Thursday, 28 November 2013

Cerebral aneurysm Treatments in Conventional Medicine

Cerebral aneurysm is defined as a cerebrovascular disorder causes of the blood vessel to bulge or balloon out of the wall of a blood vessel as a result of the weaken of blood vessels and veins and occurred mostly at the bifurcations and branches of the large arteries located at the Circle of Willis.
A.1. In conventional medicine perspective
Treatment for a symptomatic aneurysm is to repair the blood vessels to prevent blood to enter the aneurysm to cause further growth or blood leakage.
1. Surgical Clipping was introduced by Walter Dandy of the Johns Hopkins Hospital in 1937
Clopping is the operation of the brain by cutting open the skull to find the damaged blood vessel and putting a clip across the aneurysm.

2. Endovascular coiling was introduced by Guido Guglielmi at UCLA in 1991
The operation passes a catheter into the femoral artery in the groin, through the aorta, into the brain arteries to the aneurysm and fill the aneurysm with coils of platinum wire or with latex.
Depending to he severity of the patient's condition, the EEG changes, an intracranial hematoma, and correspondence of the region of the operation with the zone of the vascular spasm were the most informative preoperative signs of the prognosis of the outcome of early operations. Bleeding during the operation and the duration of the arrest of the blood flow in the main vessel were the most informative intraoperative signs(80). Other study of One hundred and sixty of the aneurysms had ruptured; for 150 "typical" supratentorial aneurysms, the operative case fatality rate was 10%, and a satisfactory outcome was obtained in 85%. There were no deaths and little morbidity in 108 operations on grade 0 or 1 patients. Among a number of factors influencing outcome, the most obvious were age, hypertension, cerebral arterial spasm, and the clinical condition of the patient at the time of operation. The timing of surgery had no effect on results(81).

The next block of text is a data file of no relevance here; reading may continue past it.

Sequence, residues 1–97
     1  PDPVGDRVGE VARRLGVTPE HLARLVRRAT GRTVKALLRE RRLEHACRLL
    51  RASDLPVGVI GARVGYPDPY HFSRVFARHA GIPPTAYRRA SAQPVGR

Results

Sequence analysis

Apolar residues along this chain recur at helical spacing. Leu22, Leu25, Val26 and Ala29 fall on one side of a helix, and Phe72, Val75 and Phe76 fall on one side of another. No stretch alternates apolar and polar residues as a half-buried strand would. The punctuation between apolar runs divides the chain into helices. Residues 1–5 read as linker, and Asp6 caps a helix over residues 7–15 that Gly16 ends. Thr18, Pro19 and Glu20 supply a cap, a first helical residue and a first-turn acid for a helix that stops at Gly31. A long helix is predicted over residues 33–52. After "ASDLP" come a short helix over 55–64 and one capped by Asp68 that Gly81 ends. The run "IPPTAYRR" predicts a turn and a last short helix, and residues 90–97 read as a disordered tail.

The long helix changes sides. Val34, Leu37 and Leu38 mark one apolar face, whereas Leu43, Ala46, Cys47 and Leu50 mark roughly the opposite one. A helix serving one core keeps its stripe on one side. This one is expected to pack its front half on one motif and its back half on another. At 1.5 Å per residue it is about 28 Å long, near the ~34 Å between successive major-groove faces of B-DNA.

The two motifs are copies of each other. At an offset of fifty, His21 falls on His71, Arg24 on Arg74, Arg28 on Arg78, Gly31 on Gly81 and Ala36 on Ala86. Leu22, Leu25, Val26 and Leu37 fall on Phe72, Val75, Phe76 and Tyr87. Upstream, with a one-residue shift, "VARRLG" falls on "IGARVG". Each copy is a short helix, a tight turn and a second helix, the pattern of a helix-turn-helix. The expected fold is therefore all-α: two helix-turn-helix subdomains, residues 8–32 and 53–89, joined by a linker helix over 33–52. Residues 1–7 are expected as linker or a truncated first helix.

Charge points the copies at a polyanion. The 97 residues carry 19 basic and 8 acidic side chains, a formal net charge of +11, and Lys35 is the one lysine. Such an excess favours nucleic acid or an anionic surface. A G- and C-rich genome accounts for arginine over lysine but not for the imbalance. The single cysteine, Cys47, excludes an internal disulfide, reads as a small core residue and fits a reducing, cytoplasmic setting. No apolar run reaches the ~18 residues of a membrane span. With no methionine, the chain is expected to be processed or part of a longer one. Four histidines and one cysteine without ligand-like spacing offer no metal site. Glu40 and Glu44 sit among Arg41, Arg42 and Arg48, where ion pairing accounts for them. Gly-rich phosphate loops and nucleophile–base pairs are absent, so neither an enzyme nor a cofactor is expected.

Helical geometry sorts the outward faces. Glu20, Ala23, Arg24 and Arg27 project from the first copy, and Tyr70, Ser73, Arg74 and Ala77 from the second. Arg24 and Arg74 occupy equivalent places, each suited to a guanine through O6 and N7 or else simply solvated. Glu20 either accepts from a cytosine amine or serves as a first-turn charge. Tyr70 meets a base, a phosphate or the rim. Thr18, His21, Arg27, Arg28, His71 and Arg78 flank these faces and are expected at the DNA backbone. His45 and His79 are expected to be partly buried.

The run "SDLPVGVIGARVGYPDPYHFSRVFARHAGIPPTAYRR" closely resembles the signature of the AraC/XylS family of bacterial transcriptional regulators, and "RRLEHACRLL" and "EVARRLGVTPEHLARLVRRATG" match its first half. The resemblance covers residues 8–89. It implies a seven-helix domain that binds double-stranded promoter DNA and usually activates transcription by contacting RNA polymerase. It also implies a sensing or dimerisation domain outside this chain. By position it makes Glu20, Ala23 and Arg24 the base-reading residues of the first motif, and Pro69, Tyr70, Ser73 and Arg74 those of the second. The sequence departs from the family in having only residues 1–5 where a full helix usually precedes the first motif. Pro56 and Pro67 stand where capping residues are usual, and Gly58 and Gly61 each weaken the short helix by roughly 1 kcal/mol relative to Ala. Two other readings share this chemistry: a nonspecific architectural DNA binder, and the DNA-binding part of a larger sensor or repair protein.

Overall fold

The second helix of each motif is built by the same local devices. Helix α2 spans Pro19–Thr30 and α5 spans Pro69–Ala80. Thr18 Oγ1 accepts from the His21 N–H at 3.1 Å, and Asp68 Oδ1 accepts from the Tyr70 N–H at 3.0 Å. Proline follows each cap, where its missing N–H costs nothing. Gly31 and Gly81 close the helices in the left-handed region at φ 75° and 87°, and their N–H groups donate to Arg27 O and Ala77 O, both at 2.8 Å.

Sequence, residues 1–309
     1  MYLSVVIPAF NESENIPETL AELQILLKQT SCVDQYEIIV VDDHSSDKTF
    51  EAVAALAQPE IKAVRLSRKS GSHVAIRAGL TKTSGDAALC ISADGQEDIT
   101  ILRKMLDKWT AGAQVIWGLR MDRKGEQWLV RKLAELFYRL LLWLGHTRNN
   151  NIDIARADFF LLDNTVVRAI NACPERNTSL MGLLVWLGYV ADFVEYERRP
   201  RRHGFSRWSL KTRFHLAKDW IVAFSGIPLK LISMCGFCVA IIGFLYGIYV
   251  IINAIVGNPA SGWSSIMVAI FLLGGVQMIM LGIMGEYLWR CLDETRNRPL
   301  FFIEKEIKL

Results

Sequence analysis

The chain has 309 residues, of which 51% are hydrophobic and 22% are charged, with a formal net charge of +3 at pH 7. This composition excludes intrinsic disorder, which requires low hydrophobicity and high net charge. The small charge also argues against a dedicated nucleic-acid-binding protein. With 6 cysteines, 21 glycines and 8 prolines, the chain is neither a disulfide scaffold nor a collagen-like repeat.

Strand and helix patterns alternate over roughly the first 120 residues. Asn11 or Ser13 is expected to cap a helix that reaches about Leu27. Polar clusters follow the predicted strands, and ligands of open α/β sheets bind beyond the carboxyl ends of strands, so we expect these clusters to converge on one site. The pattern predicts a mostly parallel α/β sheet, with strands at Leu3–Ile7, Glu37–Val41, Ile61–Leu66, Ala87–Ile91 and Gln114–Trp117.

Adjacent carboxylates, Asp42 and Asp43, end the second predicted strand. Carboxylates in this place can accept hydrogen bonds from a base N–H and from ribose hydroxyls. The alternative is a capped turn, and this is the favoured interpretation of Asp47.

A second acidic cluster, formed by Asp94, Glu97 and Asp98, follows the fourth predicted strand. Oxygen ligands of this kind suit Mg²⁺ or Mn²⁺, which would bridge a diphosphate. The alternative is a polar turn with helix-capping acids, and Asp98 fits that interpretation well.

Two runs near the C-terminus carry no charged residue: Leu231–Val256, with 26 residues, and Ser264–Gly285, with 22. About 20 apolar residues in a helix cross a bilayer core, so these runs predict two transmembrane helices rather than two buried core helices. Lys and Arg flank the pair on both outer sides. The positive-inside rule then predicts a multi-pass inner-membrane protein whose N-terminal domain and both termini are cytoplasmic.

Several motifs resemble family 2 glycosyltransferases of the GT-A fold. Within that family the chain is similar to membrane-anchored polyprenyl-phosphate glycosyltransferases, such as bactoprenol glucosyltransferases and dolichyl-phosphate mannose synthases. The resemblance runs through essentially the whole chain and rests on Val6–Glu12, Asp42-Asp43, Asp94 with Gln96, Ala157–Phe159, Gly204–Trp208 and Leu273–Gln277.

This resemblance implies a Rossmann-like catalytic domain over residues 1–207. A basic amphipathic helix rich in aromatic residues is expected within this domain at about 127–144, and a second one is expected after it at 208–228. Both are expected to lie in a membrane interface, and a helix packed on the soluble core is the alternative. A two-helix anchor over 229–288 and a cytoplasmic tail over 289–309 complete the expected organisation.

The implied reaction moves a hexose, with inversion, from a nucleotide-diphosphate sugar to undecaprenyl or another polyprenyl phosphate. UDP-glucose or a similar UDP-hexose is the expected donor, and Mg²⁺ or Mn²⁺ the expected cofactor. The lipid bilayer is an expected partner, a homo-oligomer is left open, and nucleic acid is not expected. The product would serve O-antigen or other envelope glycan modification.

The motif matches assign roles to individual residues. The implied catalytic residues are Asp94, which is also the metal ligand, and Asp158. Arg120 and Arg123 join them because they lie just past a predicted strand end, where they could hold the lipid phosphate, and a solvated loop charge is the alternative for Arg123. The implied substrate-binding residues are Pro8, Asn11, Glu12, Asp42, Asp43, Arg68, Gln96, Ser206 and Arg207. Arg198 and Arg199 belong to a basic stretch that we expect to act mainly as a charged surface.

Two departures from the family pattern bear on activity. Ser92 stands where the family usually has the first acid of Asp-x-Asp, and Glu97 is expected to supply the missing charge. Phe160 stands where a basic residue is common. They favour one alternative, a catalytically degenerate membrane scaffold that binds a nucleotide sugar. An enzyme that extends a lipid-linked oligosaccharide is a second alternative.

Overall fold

In a study to compare the quality of life (QOL) of surgically versus endovascularly treated patients with ruptured cerebral aneurysms.Methods We treated 45 patients surgically (surgical clipping [SC] group) and 44 by endovascular therapy (coil embolization [CE] group), the differences in QOL in the patients treated by either coiling or clipping were small and nonsignificant(82). 
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